PSAC Reduces Oil Field Activity Forecast

- May 2nd, 2019

The association believes uncertainty in the Canadian oil and gas sector is pushing explorers into other jurisdictions.

The Petroleum Services Association of Canada (PSAC) has lowered its oil and gas well drilling activity forecast for 2019 for the second time. 

The November 2018 outlook had estimated that 6,600 wells would be drilled this year, but the new, more modest position estimates that 5,300 will be. That’s a slight decrease from PSAC’s revised January estimate of 5,600, but a 20 percent decrease from the year-end prediction.

Despite Brent crude selling at US$70.12 a barrel, West Texas crude moving at US$61.30 and natural gas going for US$2.58 per thousand cubic feet (mcf), the PSAC forecast also considers the Canadian loonie’s performance and year-to-date activity.

“PSAC has based its updated forecast on an average natural gas price of C$1.65/mcf (AECO), crude oil price of US$57.00/barrel (WTI), and a US, Canada exchange rate averaging C$0.75,” notes the report.

The association believes uncertainty in the Canadian oil and gas sector is pushing explorers into other jurisdictions.

“It is unconscionable that we continue to thwart our own prosperity, driving capital investment that creates good middle-class jobs and economic benefits for all Canadians to other countries while we make no dent whatsoever in global GHG (green house gas) emissions for our loss,” said PSAC President and CEO Gary Mar.

While the number of new wells has been reduced by 1,300, the number of active wells will need to be recounted as well, especially after Trident Exploration, a private Calgary-based natural gas company, unexpectedly went out of business earlier this week.

The end of operations for Trident has left the company’s 4,700 wells in a precarious position, with media outlets reporting they have been abandoned.

Trident cites the recent Redwater decision as one of the catalysts to its closing.

The court ruling, which was handed down earlier this year, found that energy companies are responsible and liable for properly cleaning up old wells and the properties they are situated on. The Supreme Court of Canada ruling also found that energy companies must clean the former wells even if they have filed for bankruptcy.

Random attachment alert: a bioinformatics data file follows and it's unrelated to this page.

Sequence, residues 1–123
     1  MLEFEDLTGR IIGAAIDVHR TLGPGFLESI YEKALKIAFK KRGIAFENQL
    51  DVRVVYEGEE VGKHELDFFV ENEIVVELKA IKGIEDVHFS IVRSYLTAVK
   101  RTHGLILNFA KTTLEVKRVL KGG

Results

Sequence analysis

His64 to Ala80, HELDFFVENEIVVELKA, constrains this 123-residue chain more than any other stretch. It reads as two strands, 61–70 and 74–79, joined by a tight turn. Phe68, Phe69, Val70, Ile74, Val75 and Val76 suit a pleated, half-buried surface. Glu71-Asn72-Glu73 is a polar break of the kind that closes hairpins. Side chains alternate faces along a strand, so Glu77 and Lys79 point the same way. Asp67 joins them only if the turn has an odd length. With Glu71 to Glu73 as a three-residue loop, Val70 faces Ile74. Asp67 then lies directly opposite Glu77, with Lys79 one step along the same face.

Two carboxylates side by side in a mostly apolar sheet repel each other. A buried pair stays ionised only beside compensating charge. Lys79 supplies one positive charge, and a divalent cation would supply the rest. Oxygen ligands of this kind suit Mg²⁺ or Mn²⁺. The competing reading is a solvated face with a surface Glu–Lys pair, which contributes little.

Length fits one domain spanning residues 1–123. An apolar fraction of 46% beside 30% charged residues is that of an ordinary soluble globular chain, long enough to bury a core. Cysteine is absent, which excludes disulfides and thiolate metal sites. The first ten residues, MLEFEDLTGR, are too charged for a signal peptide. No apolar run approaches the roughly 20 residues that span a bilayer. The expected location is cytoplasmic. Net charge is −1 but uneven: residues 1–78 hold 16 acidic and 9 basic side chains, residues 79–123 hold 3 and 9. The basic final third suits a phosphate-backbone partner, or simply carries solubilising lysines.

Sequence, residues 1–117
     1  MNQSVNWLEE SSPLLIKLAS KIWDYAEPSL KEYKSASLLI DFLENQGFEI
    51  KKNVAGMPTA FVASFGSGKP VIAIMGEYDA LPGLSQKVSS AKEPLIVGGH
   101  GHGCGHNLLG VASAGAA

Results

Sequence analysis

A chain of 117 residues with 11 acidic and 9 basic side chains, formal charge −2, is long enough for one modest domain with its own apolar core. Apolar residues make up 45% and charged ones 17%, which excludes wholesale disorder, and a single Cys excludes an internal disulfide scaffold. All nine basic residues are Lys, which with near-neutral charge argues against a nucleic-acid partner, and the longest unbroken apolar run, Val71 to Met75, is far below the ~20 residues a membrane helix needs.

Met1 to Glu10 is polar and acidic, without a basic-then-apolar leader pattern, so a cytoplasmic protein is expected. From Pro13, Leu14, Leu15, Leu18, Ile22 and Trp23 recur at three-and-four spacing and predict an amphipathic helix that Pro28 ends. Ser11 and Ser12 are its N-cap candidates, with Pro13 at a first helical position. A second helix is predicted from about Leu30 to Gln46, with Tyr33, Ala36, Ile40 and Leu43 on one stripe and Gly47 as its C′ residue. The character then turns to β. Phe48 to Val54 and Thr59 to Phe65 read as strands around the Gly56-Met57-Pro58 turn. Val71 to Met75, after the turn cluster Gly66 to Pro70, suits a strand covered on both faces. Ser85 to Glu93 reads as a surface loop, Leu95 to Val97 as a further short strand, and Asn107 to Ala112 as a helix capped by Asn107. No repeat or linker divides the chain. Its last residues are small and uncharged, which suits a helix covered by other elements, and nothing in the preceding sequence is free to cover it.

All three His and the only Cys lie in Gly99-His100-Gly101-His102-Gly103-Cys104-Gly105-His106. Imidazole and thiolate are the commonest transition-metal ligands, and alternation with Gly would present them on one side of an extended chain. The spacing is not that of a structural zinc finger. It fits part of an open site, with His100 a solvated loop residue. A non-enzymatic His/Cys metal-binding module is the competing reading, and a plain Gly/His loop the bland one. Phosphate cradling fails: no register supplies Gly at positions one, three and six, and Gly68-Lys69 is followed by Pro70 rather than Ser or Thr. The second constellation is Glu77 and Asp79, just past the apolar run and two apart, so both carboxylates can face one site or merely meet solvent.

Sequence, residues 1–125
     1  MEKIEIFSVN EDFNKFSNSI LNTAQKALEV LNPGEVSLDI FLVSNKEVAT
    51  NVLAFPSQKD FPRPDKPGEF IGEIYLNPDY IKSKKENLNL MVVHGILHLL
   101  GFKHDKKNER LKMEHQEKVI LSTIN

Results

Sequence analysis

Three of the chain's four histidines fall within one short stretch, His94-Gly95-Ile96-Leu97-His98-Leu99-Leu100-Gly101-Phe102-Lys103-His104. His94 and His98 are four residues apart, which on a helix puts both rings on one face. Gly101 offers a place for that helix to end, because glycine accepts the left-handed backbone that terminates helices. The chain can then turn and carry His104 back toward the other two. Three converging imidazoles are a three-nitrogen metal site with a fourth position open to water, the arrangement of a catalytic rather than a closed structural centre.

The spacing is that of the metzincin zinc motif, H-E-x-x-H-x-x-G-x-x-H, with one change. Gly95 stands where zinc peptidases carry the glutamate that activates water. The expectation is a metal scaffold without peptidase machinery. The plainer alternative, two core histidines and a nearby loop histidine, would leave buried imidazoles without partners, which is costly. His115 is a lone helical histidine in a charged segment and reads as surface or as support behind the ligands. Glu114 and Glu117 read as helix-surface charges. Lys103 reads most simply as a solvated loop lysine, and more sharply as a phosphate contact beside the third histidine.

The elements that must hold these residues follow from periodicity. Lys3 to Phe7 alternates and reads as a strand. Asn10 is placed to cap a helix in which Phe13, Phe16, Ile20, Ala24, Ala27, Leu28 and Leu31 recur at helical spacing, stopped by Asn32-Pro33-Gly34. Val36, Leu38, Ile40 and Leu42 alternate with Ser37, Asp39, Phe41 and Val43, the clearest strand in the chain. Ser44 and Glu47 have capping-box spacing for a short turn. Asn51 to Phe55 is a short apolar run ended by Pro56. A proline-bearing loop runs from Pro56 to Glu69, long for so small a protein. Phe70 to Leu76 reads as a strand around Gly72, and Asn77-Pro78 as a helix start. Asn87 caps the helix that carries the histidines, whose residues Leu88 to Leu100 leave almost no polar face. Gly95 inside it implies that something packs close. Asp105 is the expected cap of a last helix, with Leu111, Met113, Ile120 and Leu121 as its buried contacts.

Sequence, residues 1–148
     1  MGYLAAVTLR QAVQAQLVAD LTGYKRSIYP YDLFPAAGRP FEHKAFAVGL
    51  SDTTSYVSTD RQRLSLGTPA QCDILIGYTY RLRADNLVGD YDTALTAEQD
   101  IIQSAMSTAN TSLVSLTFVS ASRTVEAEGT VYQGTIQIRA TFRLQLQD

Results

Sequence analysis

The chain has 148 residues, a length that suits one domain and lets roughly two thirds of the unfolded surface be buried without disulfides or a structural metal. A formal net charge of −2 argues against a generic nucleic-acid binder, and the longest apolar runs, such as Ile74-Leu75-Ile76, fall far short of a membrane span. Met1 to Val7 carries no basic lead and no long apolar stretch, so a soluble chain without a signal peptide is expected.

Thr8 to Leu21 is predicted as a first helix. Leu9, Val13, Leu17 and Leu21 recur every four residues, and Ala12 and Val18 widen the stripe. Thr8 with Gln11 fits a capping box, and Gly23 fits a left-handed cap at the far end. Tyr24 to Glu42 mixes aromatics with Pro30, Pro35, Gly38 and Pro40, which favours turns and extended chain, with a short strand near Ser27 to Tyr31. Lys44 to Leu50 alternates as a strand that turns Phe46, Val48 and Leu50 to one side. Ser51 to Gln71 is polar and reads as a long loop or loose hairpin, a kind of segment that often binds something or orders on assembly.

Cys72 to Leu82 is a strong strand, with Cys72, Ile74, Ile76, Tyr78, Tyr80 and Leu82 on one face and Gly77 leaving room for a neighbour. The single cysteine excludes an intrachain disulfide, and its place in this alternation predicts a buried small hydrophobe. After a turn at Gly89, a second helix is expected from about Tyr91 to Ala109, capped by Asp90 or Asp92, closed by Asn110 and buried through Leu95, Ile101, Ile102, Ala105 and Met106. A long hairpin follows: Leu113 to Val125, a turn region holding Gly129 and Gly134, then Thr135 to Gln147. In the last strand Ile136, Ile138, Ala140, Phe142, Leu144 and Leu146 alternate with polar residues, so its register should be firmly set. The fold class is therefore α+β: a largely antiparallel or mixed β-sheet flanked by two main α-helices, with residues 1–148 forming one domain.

“As many have speculated and we have now unfortunately proven, the Redwater decision has had the unintended consequence of intensifying Trident’s financial distress and accelerating unfunded abandoned well obligations,” reads the Trident statement. “Without regulatory collaboration and clarity, Trident is unable to address its near-term liquidity needs and has no financial ability to continue operating.”

The Redwater case was launched by non-profit public safety agency Orphan Well Association (OWA), which is committed to managing the environmental risks of oil and gas properties that do not have a legally or financially responsible owner that can be held accountable. The sites the OWA oversees are considered abandoned or “orphans.”

“We fear that many other companies may falter without clear, sound policy making post-Redwater. In the face of this extended uncertainty, lenders and investors may flee Canada and further job losses will occur,” continues Trident’s announcement.

“Without access to financing, we expect that the Orphan Well Association may grow exponentially.”

Since its establishment in 2002 the OWA has successfully decommissioned 1,400 orphaned wells.

According to PSAC, some 2,685 new wells will be drilled in Alberta this year, a reduction from the 3,532 well forecast in November. However, while numbers in Alberta and BC will decrease, the outlook for new wells in Eastern Canada has increased from 9 to 20.

The oversight group also credits the OWA’s efforts to remediate and clean old sites.

“On a positive note, closure activity — decommissioning, remediation and reclamation activity, has intensified. With increased funding to the Orphan Well Association and the new Area Based Closure program introduced by the Alberta Energy Regulator, more well sites are being decommissioned providing additional work for services companies when they sorely need it,” added Mar.

The ongoing dispute between Alberta and BC over pipeline expansion, as well as other pipeline issues, have also contributed to the reduced well forecast.

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Securities Disclosure: I, Georgia Williams, hold no direct investment interest in any company mentioned in this article.

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